Next, we may consider the reference to the king Samacaradeva. Though nothing is known of him, there seems to be no good reason to doubt the genuineness of the name, because the grant is genuine; and even if it were spurious, no forger would be so foolish as to date it in the reign of a king who never existed, especially if (according to Babu R.D. Banerji’s arguments) it was fabricated no very long time after its professed date. The name moreover is a possible one, being analogous to the royal names Dharmaditya and Siladitya and personal names such as Gunadeva.

The description of Samacaradeva suggests certain inferences. The earlier emperor Dharmaditya in grant A, though styled only maharajadhiraja (I. 2), is yet alluded to as parama-bhattaraka (I. 13); and has in grant B both the former title and also battaraka (I. 2). In grant C Gopacandra, who may have been a descendant of the Guptas as suggested in my article (p. 208), received the same two titles, and he reigned in Bengal as an independent monarch after the dissolution of Dharmaditya’s empire. Here Samacaradeva is styled only maharajadhiraja. Further, it is stated in grant A that Sthanudatta was the maharaja of this province and was subordinate to the emperor Dharmaditya. In grant B, which was later in that emperor’s reign, the local maharaja had ceased to exist; but in grant C Gopacandra appears as the local monarch when the empire broke up. Similarly in this grant Samacaradeva is the local monarch, and no one is mentioned as his superior. Hence it appears that he was an independent king of Bengal.

Now Bengal was subject to Harsa in the second quarter of the seventh century, and Harsa, “when at the height of his power, exercised a certain amount of control as suzerain over the whole of Bengal, even as far east as the distant kingdom of Kamarupa, or Assam, and seems to have possessed full sovereign authority over western and central Bengal.” (V. Smith, History, 2nd ed., p. 366). But he could not have established his supremacy in this eastern region till some years after his accession and after he had subdued the rest of North India, that is, probably not until about 620 or even 625. The date might be even later, because he continued fighting for many years and was engaged in a campaign against Ganjam as late as 643 (ibid., p. 313). His empire lasted till his death in 646-7.1 [Mr. V. Smith tells me that this year is the correct date of Harsa’s death, and not 647-8.] After his decease it fell to pieces. “After his death the local Rajas no doubt asserted their independence” and very little is known concerning the history of Bengal for nearly a century (ibid., p. 366).

There were independent kings therefore in Bengal before Harsa extended his supremacy over it, and again after his death; and Samacaradeva must be placed either in the first quarter of the seventh century before Harsa’s conquest, or in the third or fourth century after his empire decayed. The latter alternative is not probable, because of the character of the script in this grant. It has been pointed out that this grant exhibits the eastern forms of certain letters, which, though ousted by the western forms generally, yet remained in use in this remote locality. They might have continued till the first quarter of that century as shewn above (p. 499), but could hardly have persisted about half a century longer (till the fourteenth year of a new king after the dissolution of the empire), because Harsa’s supremacy over Bengal would have facilitated the predominance of the western forms and hastened the disuse of the eastern forms. It may be reasonably inferred therefore, that Samacaradeva reigned in the first quarter of the seventh century.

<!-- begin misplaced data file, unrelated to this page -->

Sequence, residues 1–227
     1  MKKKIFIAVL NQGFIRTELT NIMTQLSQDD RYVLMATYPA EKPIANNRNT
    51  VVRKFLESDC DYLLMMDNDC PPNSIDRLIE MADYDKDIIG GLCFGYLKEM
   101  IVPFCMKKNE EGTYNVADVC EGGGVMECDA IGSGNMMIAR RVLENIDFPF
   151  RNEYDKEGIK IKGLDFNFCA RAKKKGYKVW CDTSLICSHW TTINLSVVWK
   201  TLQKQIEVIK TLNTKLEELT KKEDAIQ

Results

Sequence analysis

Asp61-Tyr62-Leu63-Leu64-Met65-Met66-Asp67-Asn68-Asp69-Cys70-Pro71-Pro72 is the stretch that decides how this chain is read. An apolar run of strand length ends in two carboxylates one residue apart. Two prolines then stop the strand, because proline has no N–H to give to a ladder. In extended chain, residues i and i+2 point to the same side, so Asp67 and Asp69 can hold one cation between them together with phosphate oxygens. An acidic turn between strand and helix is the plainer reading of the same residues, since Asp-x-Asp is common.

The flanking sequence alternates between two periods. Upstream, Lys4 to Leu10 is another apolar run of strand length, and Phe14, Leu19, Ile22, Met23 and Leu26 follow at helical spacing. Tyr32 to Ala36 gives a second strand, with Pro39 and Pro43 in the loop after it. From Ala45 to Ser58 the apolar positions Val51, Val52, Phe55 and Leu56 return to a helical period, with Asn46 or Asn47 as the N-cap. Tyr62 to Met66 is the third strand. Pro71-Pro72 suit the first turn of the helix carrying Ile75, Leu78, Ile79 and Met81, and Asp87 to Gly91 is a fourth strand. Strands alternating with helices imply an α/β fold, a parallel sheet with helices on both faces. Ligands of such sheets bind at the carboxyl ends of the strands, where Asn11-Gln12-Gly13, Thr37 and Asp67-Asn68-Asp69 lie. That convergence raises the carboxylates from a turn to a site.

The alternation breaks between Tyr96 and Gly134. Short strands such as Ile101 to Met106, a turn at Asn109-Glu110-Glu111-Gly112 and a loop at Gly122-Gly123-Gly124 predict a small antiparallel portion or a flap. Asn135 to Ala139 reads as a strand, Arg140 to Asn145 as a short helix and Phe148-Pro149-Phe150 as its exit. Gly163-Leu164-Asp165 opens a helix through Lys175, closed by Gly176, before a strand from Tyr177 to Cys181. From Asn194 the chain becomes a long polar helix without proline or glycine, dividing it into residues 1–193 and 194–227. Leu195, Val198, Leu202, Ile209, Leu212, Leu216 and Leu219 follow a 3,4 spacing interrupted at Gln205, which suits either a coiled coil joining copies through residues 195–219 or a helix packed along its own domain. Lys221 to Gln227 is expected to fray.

There is another consideration which supports this inference. The king of Pundravardhana, that is Bengal, whose kingdom was more or less subject to Harsa, belonged to the Brahman caste, as Mr. V. Smith says (History, p. 329)2 [Mr. V.Smith tells me he is unable at present to cite the authority for this statement. Possibly therefore an argument may not be based confidently on it, yet the existence of a Samacaradeva, king of Bengal or Pundravardhana, probably at this very time, suggests that the dynasty did belong to the Brahman caste.] now this (Faridpur) district would have appertained to Pundravardhana, and the termination deva in names often designated Brahmans. In the name Samacaradeva deva is not a separate word or title as it often is in royal appellations, but forms a real compound with samacara. Hence it seems probable that Samacaradeva was a Brahman, and was a king of the Pundravardhana dynasty which was reigning when Harsa conquered Bengal.